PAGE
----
Many organizations find the idea of remote-only failover operations
very appealing. They view this solution as a way to cut costs while
still offering the ability to recover data systems to another

However, failing over to (or replicating or
backing up data to) only a remote location isn’t sufficient as the
sole component of a DR plan. Let’s look at some of the reasons why
this is a mistake.

Potential single-server failure

Many companies fail to consider this
possibility. If only one data system fails, odds are good that the
remainder of your data center is probably still able to function
adequately–if not exactly the same as it did prior to the

The end result is that you may create a
situation where you fail over data systems to another location when
it’s not really necessary. In addition, this can cause extra work
for administrators and more downtime for users.

Impact on end users

Failing over to a remote location could change
your networking needs and how your end users do their jobs. For
example, having to suddenly access data systems across a wide area
network (WAN) could cause delays and frustration to your end-user

If you experience a data-center-wide emergency,
it’s very likely that your end users will need to work from
alternate locations, affecting productivity across the board and
leaving them to deal with potential difficulties with remote
access. However, if nothing else is wrong with the environment,
you’ll likely find them far less tolerant.

Impact on data systems

If a data system fails and other systems rely
on immediate connections to the failed system, you’ll face one of
two choices: Either manually fail over the other systems, even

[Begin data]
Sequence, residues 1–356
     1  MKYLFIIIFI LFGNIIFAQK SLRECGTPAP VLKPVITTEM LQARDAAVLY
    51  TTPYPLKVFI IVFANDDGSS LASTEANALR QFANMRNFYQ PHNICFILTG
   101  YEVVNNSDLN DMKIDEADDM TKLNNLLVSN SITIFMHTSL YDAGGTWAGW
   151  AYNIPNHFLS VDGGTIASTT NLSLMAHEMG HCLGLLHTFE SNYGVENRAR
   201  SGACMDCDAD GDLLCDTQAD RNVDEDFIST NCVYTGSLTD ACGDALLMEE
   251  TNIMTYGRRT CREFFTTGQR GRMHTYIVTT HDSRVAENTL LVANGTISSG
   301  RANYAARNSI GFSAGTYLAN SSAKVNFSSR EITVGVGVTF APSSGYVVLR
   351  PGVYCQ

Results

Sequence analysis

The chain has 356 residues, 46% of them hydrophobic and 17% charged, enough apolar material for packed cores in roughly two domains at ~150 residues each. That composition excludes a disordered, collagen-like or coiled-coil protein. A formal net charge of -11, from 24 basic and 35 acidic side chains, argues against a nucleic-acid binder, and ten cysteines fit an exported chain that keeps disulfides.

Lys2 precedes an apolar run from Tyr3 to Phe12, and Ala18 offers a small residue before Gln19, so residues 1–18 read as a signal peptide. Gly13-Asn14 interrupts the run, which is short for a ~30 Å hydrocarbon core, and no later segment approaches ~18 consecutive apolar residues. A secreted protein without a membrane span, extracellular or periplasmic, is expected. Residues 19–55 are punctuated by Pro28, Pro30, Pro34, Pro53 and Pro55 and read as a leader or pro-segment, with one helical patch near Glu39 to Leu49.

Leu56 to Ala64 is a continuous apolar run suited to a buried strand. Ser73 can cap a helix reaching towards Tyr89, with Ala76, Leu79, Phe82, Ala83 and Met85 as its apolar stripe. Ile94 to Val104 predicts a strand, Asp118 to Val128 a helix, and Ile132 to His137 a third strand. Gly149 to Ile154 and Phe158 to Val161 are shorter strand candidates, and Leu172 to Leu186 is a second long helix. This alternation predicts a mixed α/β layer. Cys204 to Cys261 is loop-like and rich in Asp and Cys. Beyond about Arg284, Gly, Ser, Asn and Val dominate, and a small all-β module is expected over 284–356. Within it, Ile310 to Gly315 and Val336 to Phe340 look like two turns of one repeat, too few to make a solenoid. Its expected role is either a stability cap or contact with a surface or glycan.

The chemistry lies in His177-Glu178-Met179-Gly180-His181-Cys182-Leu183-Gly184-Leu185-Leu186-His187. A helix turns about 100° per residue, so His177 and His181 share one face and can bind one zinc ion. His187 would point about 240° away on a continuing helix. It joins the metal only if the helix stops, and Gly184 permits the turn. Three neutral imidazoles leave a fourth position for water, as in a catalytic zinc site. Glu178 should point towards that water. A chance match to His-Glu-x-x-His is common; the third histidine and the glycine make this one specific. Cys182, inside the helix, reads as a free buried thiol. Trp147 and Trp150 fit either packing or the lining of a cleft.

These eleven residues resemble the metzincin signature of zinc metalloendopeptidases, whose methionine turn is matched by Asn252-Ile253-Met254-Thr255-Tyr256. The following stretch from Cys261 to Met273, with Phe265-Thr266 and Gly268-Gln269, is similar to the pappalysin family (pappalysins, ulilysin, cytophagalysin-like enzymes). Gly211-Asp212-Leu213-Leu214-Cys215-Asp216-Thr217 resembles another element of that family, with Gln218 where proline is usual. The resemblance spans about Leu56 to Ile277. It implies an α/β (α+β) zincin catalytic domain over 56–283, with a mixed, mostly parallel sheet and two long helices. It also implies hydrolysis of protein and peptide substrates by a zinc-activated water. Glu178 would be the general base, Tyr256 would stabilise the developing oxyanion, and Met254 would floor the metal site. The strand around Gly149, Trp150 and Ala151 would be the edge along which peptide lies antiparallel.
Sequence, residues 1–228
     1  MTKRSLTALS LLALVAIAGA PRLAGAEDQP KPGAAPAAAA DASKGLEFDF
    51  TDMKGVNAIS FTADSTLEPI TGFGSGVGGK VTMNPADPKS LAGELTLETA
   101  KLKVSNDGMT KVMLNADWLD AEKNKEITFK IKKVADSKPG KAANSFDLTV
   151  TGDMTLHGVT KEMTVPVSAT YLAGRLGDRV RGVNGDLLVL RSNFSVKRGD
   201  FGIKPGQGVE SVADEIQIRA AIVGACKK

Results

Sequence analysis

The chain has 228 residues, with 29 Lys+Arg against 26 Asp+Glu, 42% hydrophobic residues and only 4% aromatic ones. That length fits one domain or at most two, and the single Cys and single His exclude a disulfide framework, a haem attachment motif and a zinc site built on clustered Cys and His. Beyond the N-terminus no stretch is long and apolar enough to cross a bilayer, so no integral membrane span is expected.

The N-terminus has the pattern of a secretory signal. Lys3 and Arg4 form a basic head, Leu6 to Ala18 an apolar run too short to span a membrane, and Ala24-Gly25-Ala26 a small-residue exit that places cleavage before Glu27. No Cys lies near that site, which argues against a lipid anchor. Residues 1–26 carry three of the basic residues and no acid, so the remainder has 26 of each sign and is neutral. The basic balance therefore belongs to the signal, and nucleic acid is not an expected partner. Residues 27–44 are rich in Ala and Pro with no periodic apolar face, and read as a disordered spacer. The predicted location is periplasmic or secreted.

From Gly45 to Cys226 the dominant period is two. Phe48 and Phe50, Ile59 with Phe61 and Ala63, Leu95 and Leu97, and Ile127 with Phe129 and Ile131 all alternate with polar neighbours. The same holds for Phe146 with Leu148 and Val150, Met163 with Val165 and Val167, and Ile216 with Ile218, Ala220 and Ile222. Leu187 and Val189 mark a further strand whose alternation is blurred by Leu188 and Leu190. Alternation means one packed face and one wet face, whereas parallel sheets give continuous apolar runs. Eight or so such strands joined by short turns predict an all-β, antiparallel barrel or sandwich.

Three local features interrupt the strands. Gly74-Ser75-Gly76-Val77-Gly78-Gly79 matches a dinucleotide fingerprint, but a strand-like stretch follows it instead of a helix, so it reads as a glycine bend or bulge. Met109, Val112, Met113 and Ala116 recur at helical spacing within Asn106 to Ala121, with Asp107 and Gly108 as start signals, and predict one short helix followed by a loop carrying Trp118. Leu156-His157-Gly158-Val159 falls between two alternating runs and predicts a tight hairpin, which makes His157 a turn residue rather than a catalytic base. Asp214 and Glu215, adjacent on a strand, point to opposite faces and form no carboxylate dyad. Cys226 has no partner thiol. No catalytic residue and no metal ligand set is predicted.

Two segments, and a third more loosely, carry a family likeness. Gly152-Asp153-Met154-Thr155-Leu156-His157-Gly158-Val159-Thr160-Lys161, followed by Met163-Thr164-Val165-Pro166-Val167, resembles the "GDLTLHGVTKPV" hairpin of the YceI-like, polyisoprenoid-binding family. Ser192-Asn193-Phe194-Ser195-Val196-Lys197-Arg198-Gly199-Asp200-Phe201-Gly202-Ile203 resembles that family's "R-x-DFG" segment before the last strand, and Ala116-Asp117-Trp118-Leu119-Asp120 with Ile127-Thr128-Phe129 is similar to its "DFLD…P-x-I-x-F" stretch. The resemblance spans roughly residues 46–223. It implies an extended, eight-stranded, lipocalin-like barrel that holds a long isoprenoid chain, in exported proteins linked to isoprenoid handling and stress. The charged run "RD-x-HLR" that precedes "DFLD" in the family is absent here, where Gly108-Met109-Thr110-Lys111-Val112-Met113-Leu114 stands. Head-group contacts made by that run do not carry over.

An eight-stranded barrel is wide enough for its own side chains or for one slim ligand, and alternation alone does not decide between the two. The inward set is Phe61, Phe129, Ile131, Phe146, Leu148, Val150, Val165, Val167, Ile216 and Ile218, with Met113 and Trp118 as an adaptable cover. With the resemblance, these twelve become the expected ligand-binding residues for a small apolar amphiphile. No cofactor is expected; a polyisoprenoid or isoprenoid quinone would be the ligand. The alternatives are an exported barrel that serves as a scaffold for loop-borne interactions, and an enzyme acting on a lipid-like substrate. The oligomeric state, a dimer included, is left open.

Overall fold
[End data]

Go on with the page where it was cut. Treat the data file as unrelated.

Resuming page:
though they’re working perfectly fine, or else resign yourself to
dealing with the same kind of problems as your end users.

Regardless of which option you choose, it
basically means extra work. In addition, there’s the potential that
mistakes and failures will compound the original emergency.

No automatic failover

Many DR systems that involve replication or
snapshot data capture allow you to either fail over automatically
or on command. However, it’s inadvisable to fail over automatically
across a WAN, where a connection break can mimic a downed server
situation from the perspective of the DR server. That means you
lose the option to automatically fail over if you’ve implemented no
local failover option.

Implementing redundant failover systems at both
the local and remote sites can eliminate almost all of these issues
completely. And proper configuration of the systems will eliminate
the rest.

While these solutions cost more than
remote-only solutions, you can recoup those costs in the long run
in terms of avoided downtime and fewer accidental failovers.
Avoiding up-front costs and setup considerations often results in
more pain and lost profits down the road–a trade-off that isn’t
beneficial technically or fiscally.

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